Another area guilty of this is everyone's favorite: Dragon Aerie. You stand at the bottom where you fight the guardian drake, look up, and you see a single towering rock formation, not even that high, separated from the nearest rock formations by miles... yet once you get up there it is suddenly this network of rock formations tied together with ropes and bridges. I'm pretty sure you'd be able to see the dragons from the ground, too, but let's give From slack on that bit. I really think a lot of it is just game dev time constraints or possibly a lack of "tightness" pure and simple. You may even call it... undignified... to reference Miyazaki.

Oh man. That's going to eat away at me forever.

I'm going to be a whole lot less excited about this lore if it's all a dream.

#45 Edited by development (2315 posts) -

@sunbrozak: I'd honestly be much, much happier if they just said, "hey, we fucked up. The geography doesn't work out so much. Guess you just gotta pretend it isn't fucked." Kinda like how I wished Mass Effect never tried to justify being able to understand all the aliens and vice versa. Some things are better left ignored, in my mind.

Alright, I've been posting way too much. Gonna stop now.

#46 Posted by Karkarov (3102 posts) -

@sunbrozak: I'd honestly be much, much happier if they just said, "hey, we fucked up. The geography doesn't work out so much. Guess you just gotta pretend it isn't fucked." Kinda like how I wished Mass Effect never tried to justify being able to understand all the aliens and vice versa. Some things are better left ignored, in my mind.

Alright, I've been posting way too much. Gonna stop now.

To be honest they have only ever once worked their ass off to make the geography match in one of their RPG's. Dark Souls 1. Every other RPG they have ever made is just as guilty of these weird things as Dark Souls 2 is. Hell in King's Field 2 at one point you end up in something that looks like a crystalline space station. Bear in mind King's Field 2 is King's Field 1 in the US. King's 3 and the Eternal Ring's are far more guilty of this than Souls 2 is even. It is just a design choice, From likes to do some very weird stuff in their RPG's, most of it isn't even meant to make sense it is just there to make the Player think about it.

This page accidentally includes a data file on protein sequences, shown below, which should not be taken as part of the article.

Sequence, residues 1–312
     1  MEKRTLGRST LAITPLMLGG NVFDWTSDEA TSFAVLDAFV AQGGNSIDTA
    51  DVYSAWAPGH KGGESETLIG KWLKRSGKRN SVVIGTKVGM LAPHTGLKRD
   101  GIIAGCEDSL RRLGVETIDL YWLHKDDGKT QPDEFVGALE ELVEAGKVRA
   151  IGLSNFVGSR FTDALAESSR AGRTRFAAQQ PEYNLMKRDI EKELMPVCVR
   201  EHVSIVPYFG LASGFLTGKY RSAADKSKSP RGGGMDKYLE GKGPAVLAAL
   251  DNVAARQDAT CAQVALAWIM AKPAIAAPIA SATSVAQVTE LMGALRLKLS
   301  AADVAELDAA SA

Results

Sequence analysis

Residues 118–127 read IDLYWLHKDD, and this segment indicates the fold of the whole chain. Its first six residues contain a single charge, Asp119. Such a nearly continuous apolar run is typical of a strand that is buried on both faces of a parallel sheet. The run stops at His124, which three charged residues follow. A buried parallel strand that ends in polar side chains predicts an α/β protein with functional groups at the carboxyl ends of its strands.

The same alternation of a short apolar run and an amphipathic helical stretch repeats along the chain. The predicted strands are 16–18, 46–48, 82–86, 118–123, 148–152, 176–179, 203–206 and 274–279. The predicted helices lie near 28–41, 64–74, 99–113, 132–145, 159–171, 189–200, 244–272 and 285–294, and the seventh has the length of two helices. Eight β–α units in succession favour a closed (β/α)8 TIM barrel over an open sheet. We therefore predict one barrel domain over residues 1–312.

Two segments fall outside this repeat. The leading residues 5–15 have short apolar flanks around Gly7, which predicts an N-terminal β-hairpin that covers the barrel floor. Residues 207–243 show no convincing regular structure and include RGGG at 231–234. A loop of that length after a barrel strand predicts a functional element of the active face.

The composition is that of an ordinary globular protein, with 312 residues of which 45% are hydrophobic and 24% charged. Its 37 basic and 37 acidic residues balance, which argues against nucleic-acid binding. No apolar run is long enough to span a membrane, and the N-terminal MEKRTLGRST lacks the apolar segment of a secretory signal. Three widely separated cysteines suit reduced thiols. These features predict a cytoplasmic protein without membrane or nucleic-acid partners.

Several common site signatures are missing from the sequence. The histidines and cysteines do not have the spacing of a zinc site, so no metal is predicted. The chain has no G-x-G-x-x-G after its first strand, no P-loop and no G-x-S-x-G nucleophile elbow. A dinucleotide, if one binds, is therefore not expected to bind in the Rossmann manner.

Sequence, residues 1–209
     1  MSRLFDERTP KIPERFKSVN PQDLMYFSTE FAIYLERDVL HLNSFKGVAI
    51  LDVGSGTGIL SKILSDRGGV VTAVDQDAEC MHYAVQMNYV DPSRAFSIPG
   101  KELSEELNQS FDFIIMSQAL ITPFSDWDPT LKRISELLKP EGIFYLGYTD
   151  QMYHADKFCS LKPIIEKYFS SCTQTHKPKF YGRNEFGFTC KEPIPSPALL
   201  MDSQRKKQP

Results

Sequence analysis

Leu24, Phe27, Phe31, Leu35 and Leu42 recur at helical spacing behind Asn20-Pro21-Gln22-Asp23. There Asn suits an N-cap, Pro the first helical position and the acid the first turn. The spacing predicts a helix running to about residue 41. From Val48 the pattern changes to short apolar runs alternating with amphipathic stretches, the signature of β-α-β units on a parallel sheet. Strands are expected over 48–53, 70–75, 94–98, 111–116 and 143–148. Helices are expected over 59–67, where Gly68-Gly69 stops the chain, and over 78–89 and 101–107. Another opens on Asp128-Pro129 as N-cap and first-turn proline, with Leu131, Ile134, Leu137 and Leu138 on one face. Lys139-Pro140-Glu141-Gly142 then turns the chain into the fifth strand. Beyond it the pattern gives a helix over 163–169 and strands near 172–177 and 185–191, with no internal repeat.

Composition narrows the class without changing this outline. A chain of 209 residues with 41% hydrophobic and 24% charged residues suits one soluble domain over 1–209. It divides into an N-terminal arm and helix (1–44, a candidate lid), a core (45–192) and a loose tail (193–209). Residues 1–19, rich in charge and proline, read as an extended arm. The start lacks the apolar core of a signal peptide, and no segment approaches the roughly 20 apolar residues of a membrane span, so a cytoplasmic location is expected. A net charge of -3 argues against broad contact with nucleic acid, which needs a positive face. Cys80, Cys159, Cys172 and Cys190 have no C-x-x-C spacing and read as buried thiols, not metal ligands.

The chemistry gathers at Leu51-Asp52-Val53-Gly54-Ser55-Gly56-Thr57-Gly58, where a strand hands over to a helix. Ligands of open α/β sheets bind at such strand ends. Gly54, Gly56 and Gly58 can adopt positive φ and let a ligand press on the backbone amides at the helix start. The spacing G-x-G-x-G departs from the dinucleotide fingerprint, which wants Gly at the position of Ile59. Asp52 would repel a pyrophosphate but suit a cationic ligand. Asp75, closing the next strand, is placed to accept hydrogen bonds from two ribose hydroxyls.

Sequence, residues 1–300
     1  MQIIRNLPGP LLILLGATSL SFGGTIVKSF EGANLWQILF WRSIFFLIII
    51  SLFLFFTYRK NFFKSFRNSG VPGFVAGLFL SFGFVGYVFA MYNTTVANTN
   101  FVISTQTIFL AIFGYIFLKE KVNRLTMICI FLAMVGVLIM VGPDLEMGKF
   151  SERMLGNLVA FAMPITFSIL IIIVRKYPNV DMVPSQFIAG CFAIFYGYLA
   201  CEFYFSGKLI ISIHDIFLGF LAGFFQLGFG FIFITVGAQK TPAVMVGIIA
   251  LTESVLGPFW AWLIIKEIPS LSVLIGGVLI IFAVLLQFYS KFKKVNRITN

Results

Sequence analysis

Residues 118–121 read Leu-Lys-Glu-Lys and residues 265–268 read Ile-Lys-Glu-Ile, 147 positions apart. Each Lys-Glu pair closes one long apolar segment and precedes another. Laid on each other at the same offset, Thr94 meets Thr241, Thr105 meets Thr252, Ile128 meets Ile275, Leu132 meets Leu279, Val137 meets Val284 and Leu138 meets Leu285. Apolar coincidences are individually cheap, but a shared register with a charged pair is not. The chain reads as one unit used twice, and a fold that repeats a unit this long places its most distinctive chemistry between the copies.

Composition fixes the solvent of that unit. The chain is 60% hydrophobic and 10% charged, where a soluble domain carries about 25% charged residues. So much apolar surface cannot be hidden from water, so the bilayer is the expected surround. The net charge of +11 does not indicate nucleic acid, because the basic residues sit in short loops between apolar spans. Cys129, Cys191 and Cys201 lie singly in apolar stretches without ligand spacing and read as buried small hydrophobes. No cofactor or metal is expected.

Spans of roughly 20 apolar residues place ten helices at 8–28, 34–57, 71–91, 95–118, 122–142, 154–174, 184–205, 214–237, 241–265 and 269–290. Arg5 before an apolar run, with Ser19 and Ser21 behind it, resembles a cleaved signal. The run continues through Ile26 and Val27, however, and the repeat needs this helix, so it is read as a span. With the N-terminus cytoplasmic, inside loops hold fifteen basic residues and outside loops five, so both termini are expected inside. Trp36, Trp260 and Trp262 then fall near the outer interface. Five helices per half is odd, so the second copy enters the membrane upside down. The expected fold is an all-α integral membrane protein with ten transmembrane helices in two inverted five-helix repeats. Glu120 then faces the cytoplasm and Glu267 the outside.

#47 Posted by SunBroZak (1114 posts) -

@sunbrozak: I'd honestly be much, much happier if they just said, "hey, we fucked up. The geography doesn't work out so much. Guess you just gotta pretend it isn't fucked." Kinda like how I wished Mass Effect never tried to justify being able to understand all the aliens and vice versa. Some things are better left ignored, in my mind.

Alright, I've been posting way too much. Gonna stop now.

Wandering around the map a little more, I'm going to agree with your stance. You can even see Majula from Heide's Tower of Flame, but it's miles away. In reality you barely trek any ground to get between the two. I think they made the conceit that they didn't have the budget/time/whatever to make the world play as large as it looks. So yeah, a bit of a bummer, but the same could be said for a few areas in the original Dark Souls as well. It's just more noticeable this time with the areas feeling more segmented.

Though that being said, I don't discount @oni's notion of Drangleic being an afterlife, or a purgatory of sorts. The theme of reincarnation is very much ingrained into a lot of Dark Souls 2, so it's conceivable that the world we came from is a different one all together.

#48 Posted by DrMechano (43 posts) -

I also think the whole 'geography not matching up thing' is what kind of numbs the sense of progression. That bridge with the Hellkite Drake and the placement of the Duke's Archives was a wonderful piece done by Fromsoft. With the bridge it was a reference point. You look back on it from the top of the belltower of beating the Gargoyles, it is 'behind you' as it were. From the depths of blighttown you can look up and see the bridge, showing just how deep in the earth you've gone. At the same time Duke's Archives were always 'there' you could always see it off in the distance towering above the land like some evil tyrants forboding castle.

You reaching it shows how far you've come, you've gone from always looking up at this place, always wondering whats there, if you're going to get to visit it to standing infront of its entrance, bracing yourself ready to take on the challenges within.